Everyone knows the boss from hell.
One of the common incarnations is the arrogant narcissist. Even if you haven’t had the misfortune of working for one, you can’t have missed him: Dabney Coleman in 9 to 5, Meryl Streep in The Devil Wears Prada, any number of Dickens characters. He (or she) is the vain, self-centered manager whose exalted image of himself so misrepresents his limited capabilities as to be unrecognizable.
Recently, conservative columnist Charles Krauthammer leveled the narcissist charge against Barack Obama. Such is the nature of our traditional American disdain for public self-love that condemning the President as egotist was itself important enough to engender heated debate from across the partisan spectrum. Narcissism is an “it” topic all of the sudden.
So most professionals strive to avoid behavior that might create the appearance of arrogance. Many choose self-deprecation as the means of doing so. On the surface it’s an attractive alternative particularly to those who, by position or personality, can be intimidating. It certainly smacks of humility. But a manager who is constantly and publicly calling into question his own judgment and performance is hardly more tolerable than the narcissist. I once heard an old Methodist preacher say that “humility is not talking badly about yourself; humility is not talking about yourself at all.” While we tire of the exorbitant, unmerited claims of the narcissist boss we don’t really want to replace it with repetitive self-loathing and self-doubt in our leaders.
What we really want is confidence.
Confidence is to arrogance what humility is to self-deprecation. They are the purer, higher forms of those distorted caricatures. Arrogance and self-deprecation simply cannot co-exist; confidence and humility can and should.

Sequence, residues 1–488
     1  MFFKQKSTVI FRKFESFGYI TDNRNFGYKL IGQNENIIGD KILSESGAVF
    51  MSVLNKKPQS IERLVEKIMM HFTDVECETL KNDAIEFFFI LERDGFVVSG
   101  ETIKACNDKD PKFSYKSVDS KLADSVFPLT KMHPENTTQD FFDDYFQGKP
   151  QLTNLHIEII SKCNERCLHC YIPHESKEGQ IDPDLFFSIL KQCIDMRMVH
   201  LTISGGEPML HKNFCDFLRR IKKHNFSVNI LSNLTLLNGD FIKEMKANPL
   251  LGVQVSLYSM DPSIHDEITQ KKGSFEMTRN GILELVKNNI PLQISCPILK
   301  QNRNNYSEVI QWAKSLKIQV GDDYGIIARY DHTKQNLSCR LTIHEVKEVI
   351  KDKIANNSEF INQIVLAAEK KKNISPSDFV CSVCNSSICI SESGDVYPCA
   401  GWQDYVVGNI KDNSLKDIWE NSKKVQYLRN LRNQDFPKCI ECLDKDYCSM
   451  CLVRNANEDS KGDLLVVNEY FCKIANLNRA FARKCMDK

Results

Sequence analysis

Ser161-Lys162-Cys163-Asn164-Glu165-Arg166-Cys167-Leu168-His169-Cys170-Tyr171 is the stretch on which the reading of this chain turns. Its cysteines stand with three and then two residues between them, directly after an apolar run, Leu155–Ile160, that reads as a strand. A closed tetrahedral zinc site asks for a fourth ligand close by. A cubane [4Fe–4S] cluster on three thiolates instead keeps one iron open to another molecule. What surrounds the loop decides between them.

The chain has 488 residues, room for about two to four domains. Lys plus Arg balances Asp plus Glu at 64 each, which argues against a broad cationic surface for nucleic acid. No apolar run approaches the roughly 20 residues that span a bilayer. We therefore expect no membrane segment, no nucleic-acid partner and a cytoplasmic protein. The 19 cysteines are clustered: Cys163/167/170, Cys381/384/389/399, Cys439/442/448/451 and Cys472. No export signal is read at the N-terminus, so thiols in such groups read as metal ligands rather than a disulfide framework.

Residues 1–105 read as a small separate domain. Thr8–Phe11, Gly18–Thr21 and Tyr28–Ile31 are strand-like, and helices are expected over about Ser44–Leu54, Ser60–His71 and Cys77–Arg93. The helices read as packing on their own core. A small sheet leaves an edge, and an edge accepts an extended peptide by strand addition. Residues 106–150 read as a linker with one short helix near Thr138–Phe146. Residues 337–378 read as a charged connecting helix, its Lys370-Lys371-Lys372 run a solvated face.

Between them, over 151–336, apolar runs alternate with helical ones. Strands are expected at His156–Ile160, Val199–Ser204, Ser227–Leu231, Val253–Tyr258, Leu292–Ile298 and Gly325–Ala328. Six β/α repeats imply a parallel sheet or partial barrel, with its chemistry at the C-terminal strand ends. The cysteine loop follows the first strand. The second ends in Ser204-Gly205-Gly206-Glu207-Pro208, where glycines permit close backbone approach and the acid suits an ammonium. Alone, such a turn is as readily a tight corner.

The problem is that it is easy for people who have long worked for narcissists to know. It is harder to recognize it in someone you’ve only recently met and neither is it easy for arrogant managers to spot it in themselves. So here are four telltale signs:
Confidence wants to be surrounded by smarter people; arrogance does not.
They say that if you are the smartest person in the room you are in the wrong room. The confident manager will agree. For him or her it is like playing tennis; you get the best game from playing someone slightly better than you are and you crave those opportunities.
Confidence appreciates dissent; arrogance despises it.
There’s an old adage that if two business colleagues always agree then one of them is unnecessary. When a thoughtful, well-intentioned objection is raised to his ideas the confident manager’s ears perk up; the arrogant manager’s defenses do.
Confidence attracts; arrogance repels.
It is no easy thing to tell a truly arrogant person that he is one, so if you are uncertain about yourself it is probably useless to ask your colleagues. Rather look at your employee retention rate and what interest you generate for positions reporting to you. People want to work around confidence.
Confidence views teaching and learning as two equal obligations.
This is the single surest sign of a truly confident person. He teaches and learns with equal enthusiasm. The confident leader knows that he has much to offer and it is his responsibility to provide insight and direction, but he also knows that he has much yet to learn and is eager for the knowledge and experience of his professional and personal community.
It comes down to the fact that a powerful leader is one who is not only capable, but whose self-image is aligned with that capability, not higher, and not lower. In the 1960’s crusty actor Walter Brennan starred in a short-lived cowboy series called “The Guns of Will Sonnett”. Brennan’s character was the patriarch of a family of accomplished gunslingers. Brennan would calmly insist he was the fastest gun of all with what became the show’s catchphrase: “No brag. Just fact.”
That’s what we want in our boss, or parent, or leader of any sort. No brag. Just fact.